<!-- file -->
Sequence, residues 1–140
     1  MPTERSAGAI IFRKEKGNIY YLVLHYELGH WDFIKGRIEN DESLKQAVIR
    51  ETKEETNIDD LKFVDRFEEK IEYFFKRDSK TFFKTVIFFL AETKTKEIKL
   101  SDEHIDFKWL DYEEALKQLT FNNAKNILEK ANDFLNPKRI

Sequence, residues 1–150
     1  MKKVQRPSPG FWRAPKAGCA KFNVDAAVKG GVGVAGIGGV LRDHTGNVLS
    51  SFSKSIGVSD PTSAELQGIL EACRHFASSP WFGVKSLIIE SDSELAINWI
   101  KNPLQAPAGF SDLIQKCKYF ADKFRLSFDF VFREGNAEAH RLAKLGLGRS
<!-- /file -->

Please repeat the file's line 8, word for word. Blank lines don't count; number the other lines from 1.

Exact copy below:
   101  KNPLQAPAGF SDLIQKCKYF ADKFRLSFDF VFREGNAEAH RLAKLGLGRS